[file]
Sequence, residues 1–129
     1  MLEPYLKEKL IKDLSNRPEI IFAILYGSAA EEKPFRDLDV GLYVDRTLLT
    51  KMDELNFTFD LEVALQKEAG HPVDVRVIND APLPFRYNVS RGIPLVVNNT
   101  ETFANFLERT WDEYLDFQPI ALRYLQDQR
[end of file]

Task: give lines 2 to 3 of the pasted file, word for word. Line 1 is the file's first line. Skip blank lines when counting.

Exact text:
     1  MLEPYLKEKL IKDLSNRPEI IFAILYGSAA EEKPFRDLDV GLYVDRTLLT
    51  KMDELNFTFD LEVALQKEAG HPVDVRVIND APLPFRYNVS RGIPLVVNNT